Jennifer L. Grubbs: In defense of technology
December 9, 2008
Although I’m only 28, I’m old enough to remember when having a computer at home was an impossible dream. I can remember when only people with important jobs had cell phones – and they were huge. Many TV sets, like one we had, did not have remote controls. I remember telephones with rotary dials – and definitely with cords. And once upon a time, my entire music collection was on cassette tapes, and my parents would play their records for us children.
There are many other memories I have related to technology and its encroachment into my life.
But my memories of changes in technology pale in comparison with those of my late grandmother.
Grandma Rosie, otherwise known as Rosella (Nittler) Graham, grew up in Nebraska during the Great Depression and Dustbowl Days. When I was little, I used to get to stay with her for at least one week each summer without the rest of my family. We would stay up late, and she would tell me stories about when she was little.
I remember her telling me about how they had an outhouse; how the dust would blow inside the house and they could never keep things clean; about riding into town in a horse-drawn buggy; how hard it was to wash clothes or do dishes for that many people (she was one of 13 children); and how they had to read by kerosene lamp.
Those are only some of the stories that Grandma Rosie told her amazed little granddaughter, who could not believe that life was like camping, only worse, when she was growing up. To be fair to myself, I was only 4 or 5, so I did not have much historical knowledge to rely on.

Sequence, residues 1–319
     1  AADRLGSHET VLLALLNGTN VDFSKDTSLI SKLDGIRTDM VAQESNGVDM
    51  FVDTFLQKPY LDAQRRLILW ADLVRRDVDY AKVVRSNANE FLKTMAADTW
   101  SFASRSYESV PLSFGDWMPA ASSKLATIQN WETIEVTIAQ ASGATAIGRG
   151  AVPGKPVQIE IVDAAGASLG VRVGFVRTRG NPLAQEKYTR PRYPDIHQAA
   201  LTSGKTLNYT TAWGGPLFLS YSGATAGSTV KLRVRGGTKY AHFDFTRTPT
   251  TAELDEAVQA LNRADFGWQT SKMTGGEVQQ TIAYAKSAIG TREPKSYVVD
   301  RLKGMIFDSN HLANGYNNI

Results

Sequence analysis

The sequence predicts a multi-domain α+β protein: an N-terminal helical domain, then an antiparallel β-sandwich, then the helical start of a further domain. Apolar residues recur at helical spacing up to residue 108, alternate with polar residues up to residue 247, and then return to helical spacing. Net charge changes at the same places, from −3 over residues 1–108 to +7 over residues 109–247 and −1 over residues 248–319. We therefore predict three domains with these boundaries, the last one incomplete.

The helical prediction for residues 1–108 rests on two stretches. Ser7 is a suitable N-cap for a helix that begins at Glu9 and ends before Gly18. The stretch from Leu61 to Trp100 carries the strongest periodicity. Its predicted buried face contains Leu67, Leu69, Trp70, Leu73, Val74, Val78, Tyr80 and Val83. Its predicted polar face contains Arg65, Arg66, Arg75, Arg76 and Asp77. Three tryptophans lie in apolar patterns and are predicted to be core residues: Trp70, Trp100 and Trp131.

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But think about it.
All of those things – indoor plumbing, insulated and weather-stripped houses, fancy cleaning tools, automobiles, washing machines, dishwashers, electric lights – came about because of new, emerging technologies.
Right now, I am witnessing a major change in technology that affects my career. The explosion of the Internet and online shopping, trading and selling have changed my industry in ways scary to us bleeding-ink print journalists. The changes – siphoned off classified and other advertising sales and increasing paper costs – have meant unpopular decisions industry-wide to keep print products alive. Others have disappeared from newsstands.
We saw a scary example last week, with the Rocky Mountain News being put up for sale, or possibly set to close in January.
Does that mean the end for all newspapers?
It means the technology is forcing changes, and we journalists – along with our readers – need to adapt and embrace the changes. But, like many other technological changes, it doesn’t happen right away, and it doesn’t come easily.
The good news is that journalism and words and pictures are just as important as ever – if not more so.
It’s mostly the big papers that are seeing big change. Community newspapers, such as the Craig Daily Press – in print and on the Web – still are and will continue to be an important part of the, well, community.
Besides, not all of the technological changes my Grandma Rosie witnessed were easily accepted at first, either.
I also heard stories from Grandma Rosie about how her grandmother would not let her grandfather put a smelly, new-fangled, indoor bathroom in their house.
So, the next time you hear someone railing against new technologies – such as the Internet, Facebook, digital TV, cell phones, etc. – be glad that you have a toilet in your house, instead of an outhouse out back. I know I am.